Analyzing the Developing Country Growth Collapse of the 1970s and 1980s: Demographic Influences and Regional Differences

Brant Liddle, Max Planck Institute for Demographic Research

This paper bridges two highly related, but, up to now, rather unconnected literatures: the economic growth stability literature and the population and economic growth literature. The paper seeks to shed light on two puzzles: (1) why did some countries’ growth collapse during the 1970’s, and others’ did not; and (2) why did population growth have a negligible-to-no effect on economic growth during the 1960s and 1970s, but have a negative impact in the 1980s. This paper is different from previous population-economic growth analyses by focusing on explaining the instability of economic growth in developing countries. Also, the paper suggests a new theory on how population may matter to economic growth, i.e., countries with large working populations relative to dependent ones may have more resiliency to external shocks. This study contributes to a previous paper on the developing country growth collapse by adding important demographic variables.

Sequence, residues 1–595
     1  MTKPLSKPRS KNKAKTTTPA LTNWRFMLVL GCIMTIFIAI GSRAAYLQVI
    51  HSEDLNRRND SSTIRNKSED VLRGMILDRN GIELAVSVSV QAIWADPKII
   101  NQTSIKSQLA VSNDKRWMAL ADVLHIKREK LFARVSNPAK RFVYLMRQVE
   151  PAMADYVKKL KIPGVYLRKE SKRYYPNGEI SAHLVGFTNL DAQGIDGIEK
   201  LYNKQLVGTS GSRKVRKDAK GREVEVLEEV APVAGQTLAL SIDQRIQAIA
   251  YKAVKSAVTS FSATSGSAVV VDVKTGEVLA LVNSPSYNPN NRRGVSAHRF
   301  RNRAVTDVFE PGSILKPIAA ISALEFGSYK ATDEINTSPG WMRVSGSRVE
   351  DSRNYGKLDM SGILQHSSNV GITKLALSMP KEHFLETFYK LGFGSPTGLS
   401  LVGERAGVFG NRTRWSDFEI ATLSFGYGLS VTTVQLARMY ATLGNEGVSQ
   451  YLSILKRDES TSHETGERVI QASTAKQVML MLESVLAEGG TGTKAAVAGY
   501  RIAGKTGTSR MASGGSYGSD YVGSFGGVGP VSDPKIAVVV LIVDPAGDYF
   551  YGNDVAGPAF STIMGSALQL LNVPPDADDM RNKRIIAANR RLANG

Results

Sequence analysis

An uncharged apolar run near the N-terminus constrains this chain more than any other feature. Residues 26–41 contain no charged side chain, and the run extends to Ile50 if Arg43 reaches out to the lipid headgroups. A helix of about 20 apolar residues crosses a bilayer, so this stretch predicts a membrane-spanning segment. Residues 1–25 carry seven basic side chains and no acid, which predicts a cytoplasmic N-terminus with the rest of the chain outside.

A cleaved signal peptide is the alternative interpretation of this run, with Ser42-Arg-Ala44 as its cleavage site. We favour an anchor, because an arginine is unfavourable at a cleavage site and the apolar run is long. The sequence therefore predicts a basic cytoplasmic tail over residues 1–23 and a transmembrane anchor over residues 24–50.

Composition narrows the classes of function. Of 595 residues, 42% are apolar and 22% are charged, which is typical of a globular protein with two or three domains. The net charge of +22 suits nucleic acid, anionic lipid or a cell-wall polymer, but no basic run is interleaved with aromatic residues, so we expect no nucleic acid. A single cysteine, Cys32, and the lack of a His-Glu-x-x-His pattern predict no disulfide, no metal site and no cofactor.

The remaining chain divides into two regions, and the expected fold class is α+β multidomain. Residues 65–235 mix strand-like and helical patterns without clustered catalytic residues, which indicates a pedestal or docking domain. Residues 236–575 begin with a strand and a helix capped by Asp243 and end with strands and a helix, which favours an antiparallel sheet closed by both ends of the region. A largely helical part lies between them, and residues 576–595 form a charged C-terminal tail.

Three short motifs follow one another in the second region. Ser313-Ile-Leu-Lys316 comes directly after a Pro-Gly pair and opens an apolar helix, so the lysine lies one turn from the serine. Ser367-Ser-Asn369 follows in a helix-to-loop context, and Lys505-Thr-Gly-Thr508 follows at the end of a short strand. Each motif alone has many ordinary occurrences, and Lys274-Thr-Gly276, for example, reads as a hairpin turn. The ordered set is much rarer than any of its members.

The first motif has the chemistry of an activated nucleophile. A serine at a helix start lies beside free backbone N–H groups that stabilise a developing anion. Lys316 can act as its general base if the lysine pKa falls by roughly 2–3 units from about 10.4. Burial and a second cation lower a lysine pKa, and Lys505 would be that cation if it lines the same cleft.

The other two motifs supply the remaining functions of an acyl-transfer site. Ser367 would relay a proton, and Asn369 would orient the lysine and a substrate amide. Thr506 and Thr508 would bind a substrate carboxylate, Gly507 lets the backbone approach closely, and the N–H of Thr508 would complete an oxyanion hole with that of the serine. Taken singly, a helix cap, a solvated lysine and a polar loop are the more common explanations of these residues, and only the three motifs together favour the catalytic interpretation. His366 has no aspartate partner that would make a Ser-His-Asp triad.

Presented in Session 161: Economic Aspects of Population Growth and Aging in Different Contexts